Wednesday, November 30, 2005

How Good is DeLay's Poker Face?

Q: Guess who this quote is from:

"Short of some miracle, [Tom DeLay] will not be able to resurrect his political career..."

A: Molly Ivins
B: Roy Blunt
C: American Enterprise Institute
D: Democratic National Committee

The answer is.....................C.

The quote comes from a piece by American Enterprise Institute research fellow John C. Fortier, in an opinion piece published in The Hill today. Fortier writes that DeLay has been doing all he can to send the message: "'Keep the seat warm; I’ll be back.' But at the end of the day, these tactics are unlikely to succeed."

Fortier says that for DeLay to stay in power he needs to get back his majority leader position. But to get that he needs to get immediate dismissal of charges against him, which is unlikely. But to get that the Abramoff scandal still looms. And even if he survives that he might not weather the caucus' wrath of Republicans lose seats in the midterm elections in 2006.

Writes Fortier:
DeLay’s political future depends on the equivalent of a royal flush. He must beat the Texas indictment quickly and return to his position of majority leader, fight off rivals who want his post, avoid taint from the growing Abramoff scandals and avoid a setback in the 2006 midterm elections. Don’t bet on it.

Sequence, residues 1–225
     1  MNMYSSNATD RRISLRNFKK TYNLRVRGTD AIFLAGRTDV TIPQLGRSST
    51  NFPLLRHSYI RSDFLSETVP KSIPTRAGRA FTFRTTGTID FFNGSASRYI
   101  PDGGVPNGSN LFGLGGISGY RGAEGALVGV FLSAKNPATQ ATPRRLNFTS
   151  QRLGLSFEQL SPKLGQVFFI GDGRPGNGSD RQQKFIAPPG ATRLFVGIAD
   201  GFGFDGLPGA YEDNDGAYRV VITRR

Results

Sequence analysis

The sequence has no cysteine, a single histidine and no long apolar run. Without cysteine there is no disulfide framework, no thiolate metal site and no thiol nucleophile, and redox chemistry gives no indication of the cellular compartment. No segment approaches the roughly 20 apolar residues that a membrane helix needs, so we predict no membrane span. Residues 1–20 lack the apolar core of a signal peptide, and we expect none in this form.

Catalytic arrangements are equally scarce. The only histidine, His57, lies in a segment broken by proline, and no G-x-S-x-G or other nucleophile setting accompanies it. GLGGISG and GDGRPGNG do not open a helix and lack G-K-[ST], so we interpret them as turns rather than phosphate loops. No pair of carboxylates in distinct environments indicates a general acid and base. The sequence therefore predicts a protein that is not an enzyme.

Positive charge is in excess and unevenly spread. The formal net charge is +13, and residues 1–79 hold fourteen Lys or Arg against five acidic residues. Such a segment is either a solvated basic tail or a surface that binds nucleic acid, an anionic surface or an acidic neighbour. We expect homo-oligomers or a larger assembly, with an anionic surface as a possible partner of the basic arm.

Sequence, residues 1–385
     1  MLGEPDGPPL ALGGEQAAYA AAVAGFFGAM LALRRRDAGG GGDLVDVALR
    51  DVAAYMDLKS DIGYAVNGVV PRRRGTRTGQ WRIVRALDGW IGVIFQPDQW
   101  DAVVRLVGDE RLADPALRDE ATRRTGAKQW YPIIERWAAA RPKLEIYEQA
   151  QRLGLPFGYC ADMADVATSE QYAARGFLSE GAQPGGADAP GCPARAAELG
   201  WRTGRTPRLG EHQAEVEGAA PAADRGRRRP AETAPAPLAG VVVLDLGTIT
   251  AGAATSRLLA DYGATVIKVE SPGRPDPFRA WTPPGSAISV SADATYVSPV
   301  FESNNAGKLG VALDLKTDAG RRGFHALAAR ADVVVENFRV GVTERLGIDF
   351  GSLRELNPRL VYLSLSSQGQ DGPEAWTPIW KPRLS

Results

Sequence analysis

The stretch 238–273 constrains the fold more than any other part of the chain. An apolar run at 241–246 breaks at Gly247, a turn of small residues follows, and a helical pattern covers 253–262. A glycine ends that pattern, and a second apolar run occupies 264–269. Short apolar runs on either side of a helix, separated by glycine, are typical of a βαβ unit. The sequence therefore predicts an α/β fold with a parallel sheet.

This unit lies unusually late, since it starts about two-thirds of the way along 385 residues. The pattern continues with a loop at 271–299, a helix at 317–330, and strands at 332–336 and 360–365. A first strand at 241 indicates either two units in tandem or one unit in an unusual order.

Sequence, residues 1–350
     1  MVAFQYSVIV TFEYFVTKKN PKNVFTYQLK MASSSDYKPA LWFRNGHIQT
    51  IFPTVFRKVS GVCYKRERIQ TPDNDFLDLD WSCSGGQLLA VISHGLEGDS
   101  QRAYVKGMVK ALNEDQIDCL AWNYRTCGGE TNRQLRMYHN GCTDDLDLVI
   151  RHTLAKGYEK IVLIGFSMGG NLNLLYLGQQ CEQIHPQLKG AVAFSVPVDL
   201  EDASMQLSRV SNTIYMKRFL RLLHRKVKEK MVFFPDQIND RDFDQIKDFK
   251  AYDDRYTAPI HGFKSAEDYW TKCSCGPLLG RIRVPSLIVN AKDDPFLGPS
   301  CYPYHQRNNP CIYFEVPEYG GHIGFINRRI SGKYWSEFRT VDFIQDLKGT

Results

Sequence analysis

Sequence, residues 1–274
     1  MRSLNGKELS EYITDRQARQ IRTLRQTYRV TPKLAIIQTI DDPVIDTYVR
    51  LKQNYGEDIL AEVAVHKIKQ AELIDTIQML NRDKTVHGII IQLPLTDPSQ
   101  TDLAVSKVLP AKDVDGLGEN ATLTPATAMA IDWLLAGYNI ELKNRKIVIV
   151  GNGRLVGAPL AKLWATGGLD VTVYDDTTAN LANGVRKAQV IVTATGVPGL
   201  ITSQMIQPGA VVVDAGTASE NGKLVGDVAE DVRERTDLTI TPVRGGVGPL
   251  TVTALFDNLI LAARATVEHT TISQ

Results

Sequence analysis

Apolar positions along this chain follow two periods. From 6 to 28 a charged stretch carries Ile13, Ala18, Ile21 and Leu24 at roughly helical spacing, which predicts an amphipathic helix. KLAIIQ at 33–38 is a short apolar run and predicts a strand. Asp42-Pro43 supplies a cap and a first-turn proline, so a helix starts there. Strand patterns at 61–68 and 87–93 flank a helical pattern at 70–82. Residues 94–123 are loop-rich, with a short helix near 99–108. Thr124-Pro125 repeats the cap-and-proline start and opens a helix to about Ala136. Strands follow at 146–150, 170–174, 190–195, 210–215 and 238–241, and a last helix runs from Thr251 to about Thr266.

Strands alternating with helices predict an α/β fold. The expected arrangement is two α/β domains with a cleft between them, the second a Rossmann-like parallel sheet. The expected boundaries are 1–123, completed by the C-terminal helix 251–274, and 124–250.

Tuesday, November 29, 2005

The Public Has Grown Weary

Jeffrey H. Birnbaum of The Washington Post published an analysis on the public's growing discontent of the coziness between big money lobbyists and our elected officials in Washington, DC. Birnbaum writes that corruption in Washington as a front page issue is cyclical (occurring roughly every 10 years) but the most recent scandals have driven the public’s distrust of Congress to a new low.

And, of course, one if not the main artery at the heart of this attack on the public’s trust is former Majority Leader Tom DeLay.

“About 40 investigators and prosecutors are also looking into the activities of several lawmakers, including Sen. Conrad Burns (R-Mont.), Rep. John T. Doolittle (R-Calif.) and former House majority leader Tom DeLay (R), who is facing unrelated campaign finance charges in his home state of Texas. Burns, Doolittle and DeLay have denied any wrongdoing.

“The Post has also reported that investigators are gathering information about Abramoff's hiring of several congressional spouses, including DeLay's wife, Christine, who worked from 1998 to 2002 with a lobbying firm run by former DeLay staffers, and Doolittle's wife, Julie, who owned a consulting firm that was hired by Abramoff and his former law firm, Greenberg Traurig, to do fundraising for a charity he founded.”